Springfield Clinic Helps Local Man Improve Speech Following Stroke
As many as 36 million American adults suffer some degree of hearing loss. In children, speech and hearing difficulties account for the second highest reason to refer students to special education services. May is National Speech and Hearing Awareness Month and experts suggest that early detection and intervention are key for better communication and quality of life. KSMU’s Theresa Bettmann has this report.
At age 29, Tom Meeks was diagnosed with Arteriovenous Malformation (AVM), a congenital condition that he might not have known about if it weren’t for a car accident. He opted for surgery to prevent a future brain bleed, but later would suffer a stroke and was in a coma for nine days. Meeks says when he awoke; things were very different for him.
“Pretty quickly I realized that what I was saying wasn’t what I was [trying] to say. I was like ‘something isn’t right.’ I pretty much just shut up for a couple of months unless it was a ‘yes or no’ question or it was something that I could say within one or two words like ‘I’m hungry’ or ‘bathroom’,” Tom says.
Meeks says he’s had to re-learn many things, and likens his experience to someone taking the library card catalogue and throwing the cards everywhere.
Meeks now wears special prism glasses for a condition called hemianopia, a type of partial blindness. He’s only had the glasses for a few weeks and is still getting used to them. Meeks feels he’s has come a long way with therapies over the last few years, and although it may not be fast enough for him, it’s a big improvement.
Meeks has been receiving treatment at Missouri State University’s Speech and Hearing Clinic, which sees around 150 clients a week, ranging from infants to adults from all across southwest Missouri. Clients can be referred to the clinic by a friend, family member or doctor, and are seen on a sliding pay scale.
Letitia White is head of the Communications Sciences and Disorders Department at MSU. She says that although some amount of hearing loss is common as we age, it is important to begin annual evaluations around age 40. White explains that often other behaviors or symptoms are red flags for problems in children.
“If they’re speech and language is not developing normally the first thing we should think about is ‘can they hear or do they have full access to sound?’ Or if there are behavioral issues like if the teacher saying ‘he doesn’t listen’ or they [the children] respond inconsistently, then a hearing evaluation would be the first thing that would make sense,” White says.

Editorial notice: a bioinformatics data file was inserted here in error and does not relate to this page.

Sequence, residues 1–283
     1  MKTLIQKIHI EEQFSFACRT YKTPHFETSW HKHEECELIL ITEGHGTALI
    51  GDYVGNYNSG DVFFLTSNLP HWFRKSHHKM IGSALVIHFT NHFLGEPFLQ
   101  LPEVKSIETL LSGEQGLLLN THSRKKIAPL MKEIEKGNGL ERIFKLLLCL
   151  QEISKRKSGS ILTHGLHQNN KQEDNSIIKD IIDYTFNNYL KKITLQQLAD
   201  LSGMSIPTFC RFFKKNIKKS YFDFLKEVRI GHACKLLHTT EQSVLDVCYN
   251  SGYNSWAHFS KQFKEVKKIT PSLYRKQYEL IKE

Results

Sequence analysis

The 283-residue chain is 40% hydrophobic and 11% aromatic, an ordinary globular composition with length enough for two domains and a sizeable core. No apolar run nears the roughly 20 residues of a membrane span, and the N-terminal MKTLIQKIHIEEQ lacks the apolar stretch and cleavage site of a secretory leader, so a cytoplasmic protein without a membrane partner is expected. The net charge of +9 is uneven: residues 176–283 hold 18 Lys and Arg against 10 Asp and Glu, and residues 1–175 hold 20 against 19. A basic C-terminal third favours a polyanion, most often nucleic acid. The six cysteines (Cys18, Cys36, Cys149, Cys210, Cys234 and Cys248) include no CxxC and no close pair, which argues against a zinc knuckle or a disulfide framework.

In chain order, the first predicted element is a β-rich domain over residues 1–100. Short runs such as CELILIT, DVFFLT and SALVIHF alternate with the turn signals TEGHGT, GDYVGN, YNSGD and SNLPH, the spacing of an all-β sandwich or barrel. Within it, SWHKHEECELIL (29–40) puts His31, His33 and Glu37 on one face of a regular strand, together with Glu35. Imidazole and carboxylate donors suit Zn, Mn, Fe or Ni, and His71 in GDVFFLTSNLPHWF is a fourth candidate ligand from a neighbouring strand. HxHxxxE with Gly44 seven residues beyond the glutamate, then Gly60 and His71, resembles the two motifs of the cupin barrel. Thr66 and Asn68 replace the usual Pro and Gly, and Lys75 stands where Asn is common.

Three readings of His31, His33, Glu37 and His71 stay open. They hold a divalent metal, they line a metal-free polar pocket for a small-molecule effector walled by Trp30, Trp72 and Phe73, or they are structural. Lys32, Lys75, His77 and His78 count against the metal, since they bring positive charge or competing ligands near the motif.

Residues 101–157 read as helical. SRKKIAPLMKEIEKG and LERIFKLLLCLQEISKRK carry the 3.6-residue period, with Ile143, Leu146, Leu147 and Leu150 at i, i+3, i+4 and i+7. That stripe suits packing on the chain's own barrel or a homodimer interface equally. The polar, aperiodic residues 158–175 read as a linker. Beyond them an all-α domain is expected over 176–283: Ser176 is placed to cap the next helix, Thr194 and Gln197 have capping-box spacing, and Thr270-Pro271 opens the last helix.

As many as one in five kids ages 12 to 19 years old suffer some extent of hearing loss, says White. That number is up nearly 30 percent since the 1980s and some experts suggest this could be linked with increased earphone usage over the last several decades. White reminds parents to have the children turn down the volume if music is audible outside of the earphone/headset.
Jill Oswalt, the clinic’s director, says that if children begin asking for things to be repeated regularly to have hearing evaluated. She says other red flags include young children not beginning to talk by 18 months, or noticing a child intently watching the mouth of person speaking. Oswalt says they serve a number of clients ranging in severity.
“We have children with autism, children with Downs Syndrome, [and] cleft palate. We have children and adults with voice disorders, patients who’ve had strokes, head injuries. There are so many things that can cause a communication difficulty,” says Oswalt.
When I first met Tom Meeks, he handed me a tiny origami crane he had made. Such intricate work might be difficult for anyone, but Meeks explains it helps him with his hand-eye coordination.
Meek’s mother, Mary, says he used to shy away from group settings, but because of the many therapies in which he participates, her son is improving his literacy and verbal communication. She explains that patience is important, for both of them, because it is a slow process. Tom Meeks agrees.
“What we’re doing right now is a personal goal for me—just to be able to speak about my experience and to have other people that are suffering or struggling with something like this, to know there are other people too. Just hang in there and you’re going to make improvements,” say Meeks.
Meeks says he hopes to be able to drive again one day, or even be able to run.
For KSMU News, I’m Theresa Bettmann.
According to the American Speech Language Hearing Association, adults should be screened every 10 years until age 50, then every three years thereafter. If there are any hearing concerns more frequenting testing is recommended. .